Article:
frightening a panic attack

6 tips to manage a panic attack

A panic attack is like an alarm system for your body, which is triggered when your brain senses danger or anxiety.

Trembling feet, sweaty palms, blurry vision, and a pulsating heart rate—I was feeling a sharp pain in my chest. I tried to gain some balance so that I don’t fall on my head. At the same time, I remember asking myself, do 15-year olds get heart attacks?

Although it’s rare, they can. But mine wasn’t a heart attack. It was a panic attack. I had lost all sense of time and direction. I couldn’t walk straight or see clearly. When the attack subsided, I was so nervous about the experience I never spoke of it to another soul.

A couple of years later while watching a documentary, I heard the term panic attack for the first time. It reminded me of my experience and I decided to do some research. I learned several things about it. For instance, you can’t foresee a panic attack. It can hit you like a bullet train anytime, anywhere. They are most common in people above the age of 20, and women are more prone to panic attacks than men.

A panic attack is like an alarm system for your body, which is triggered when your brain senses danger or anxiety. Its intensity can be so sharp, it creates the illusion of a heart attack. You feel like you are dying and you can’t do anything but wait until you draw your last breath.

A panic attack can get triggered by your fear of crowded places, fear of flights, or fear of failure among others. But as frightening a panic attack can be, the ‘precautions’ people take in the name of safety can be equally intimidating. For instance, if the trigger is water, many people refuse to go near a lake or oceans. Such steps don’t kill the fear but only suppress it until one day, it rains and all your hidden demons break free.

In this feature, Soulveda shares how to overpower a panic attack when anxiety and fear begin to get the best of you.

Deep breathing

If you have experienced a panic attack before, you know that shortness of breath is the most common symptom. During a panic attack, we hyperventilate, which creates a sense of suffocation and heavy panting. Instead of taking short breaths, take long deep breaths. You have to bring your breathing in control. One way to do so is by counting your breath—inhale—hold; exhale—hold. Repeat this until your breathing comes back to its natural rhythm. It not only helps in gaining composure but it brings stability to the mind as well.

Even though it’s not the first time you’re experiencing the episode, it still feels different and more real than the previous ones.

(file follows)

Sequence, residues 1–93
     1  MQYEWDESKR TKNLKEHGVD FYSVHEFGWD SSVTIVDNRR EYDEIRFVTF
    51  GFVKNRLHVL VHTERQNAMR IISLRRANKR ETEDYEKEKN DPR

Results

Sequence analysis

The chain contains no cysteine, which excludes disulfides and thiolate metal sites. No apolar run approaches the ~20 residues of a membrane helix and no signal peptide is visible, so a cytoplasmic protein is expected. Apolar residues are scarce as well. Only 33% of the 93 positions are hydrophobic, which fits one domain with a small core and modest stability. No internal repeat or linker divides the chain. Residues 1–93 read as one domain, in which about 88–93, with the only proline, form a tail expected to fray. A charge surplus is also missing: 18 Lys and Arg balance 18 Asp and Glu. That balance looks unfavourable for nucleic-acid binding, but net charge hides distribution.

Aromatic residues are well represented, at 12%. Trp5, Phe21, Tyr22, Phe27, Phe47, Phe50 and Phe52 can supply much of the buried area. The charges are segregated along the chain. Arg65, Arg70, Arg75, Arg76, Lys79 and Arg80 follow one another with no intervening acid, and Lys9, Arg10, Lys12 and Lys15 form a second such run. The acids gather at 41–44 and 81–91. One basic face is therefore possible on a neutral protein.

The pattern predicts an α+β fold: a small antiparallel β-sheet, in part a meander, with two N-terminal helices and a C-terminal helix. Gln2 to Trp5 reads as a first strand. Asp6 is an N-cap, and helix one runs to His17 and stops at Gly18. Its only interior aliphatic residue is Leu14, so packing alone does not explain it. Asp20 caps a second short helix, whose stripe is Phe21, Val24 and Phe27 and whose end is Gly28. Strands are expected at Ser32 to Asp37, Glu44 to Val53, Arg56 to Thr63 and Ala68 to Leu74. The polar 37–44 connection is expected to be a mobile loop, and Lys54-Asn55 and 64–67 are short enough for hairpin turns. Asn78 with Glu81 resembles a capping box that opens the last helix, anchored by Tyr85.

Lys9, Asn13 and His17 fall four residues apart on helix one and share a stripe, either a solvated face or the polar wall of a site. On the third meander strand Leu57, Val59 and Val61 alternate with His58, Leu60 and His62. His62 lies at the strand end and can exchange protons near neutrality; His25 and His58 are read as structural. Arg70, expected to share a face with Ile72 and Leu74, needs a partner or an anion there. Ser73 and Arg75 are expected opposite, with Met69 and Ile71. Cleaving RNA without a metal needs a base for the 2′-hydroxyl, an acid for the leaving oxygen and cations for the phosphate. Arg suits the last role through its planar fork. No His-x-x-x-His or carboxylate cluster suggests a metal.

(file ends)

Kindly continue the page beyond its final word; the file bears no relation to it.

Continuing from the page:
Challenge your thoughts

Taking control of your racing thoughts is easier said than done in a panic situation, especially when you are all soaked in negative emotions. To regain control over your thoughts, you need to tell yourself it’s not the end of the world, even if it feels like it. Remind yourself it’s just a panic attack, and you will get through it. You are not in actual danger. If you have suffered a panic attack before, try to think about how it started and how it subsided after some time. Just like before, it will vanish this time too—the idea is to challenge your negative thoughts with the positive ones.

Panic attacks, overcome panic attacks, stop panic attacks, deal with panic attack

You keep taking deep breaths and let it hit you. Don’t try to run away from it.

Reduce the exposure

Behind every panic attack, there is a stimulus that causes the episode and gives rise to anxiety and fear. It could be bright lights, some words you read, or loud traffic that led to a panic attack. In such situations, you need to get away from the triggers. Either close your eyes to reduce the effects of the attack or find a quiet place away from the stimuli.

Switch your focus

It is not easy to think or concentrate when you are having a panic attack. Even though it’s not the first time you’re experiencing the episode, it still feels different and more real than the previous ones. Another thing you can do to curb the panic attack is to switch your focus to something else. If you can’t do it by yourself, ask a friend for help. In case you are alone, try to focus your thoughts on any object nearby. Pay attention to the details of the object, until the panic attack begins to simmer down.

Know that it’ll pass

A panic attack is like an opponent challenging you for a boxing match. It’s a strong, intimidating opponent that will keep hitting you, and it won’t stop until the bell rings. Taking the hard punches down the liver, your mind provokes you to defend and hit back. And that’s what you do. But the thing about panic attacks is that the more you try to fight it, the stronger it becomes. So how would you win? Keep taking deep breaths and don’t try to run away from it. Instead, hold your ground. Soon, it will be over and you will emerge as the winner.

Take professional help

While panic attacks are quite common, most people experience them once or twice in their lifetimes. However, some may encounter these episodes on a regular basis. This is called a panic disorder, where a person encounters unexpected panic attacks perpetually. It’s like living in constant fear that anything can go wrong even when there is no danger in reality.

If you are someone who frequently gets panic attacks, sometimes more than once a day, seek professional help before it turns into something worse.




Travel Diaries
Guest Contributors
Spiritual Leaders
Thought Leaders
Short Stories
Life Lessons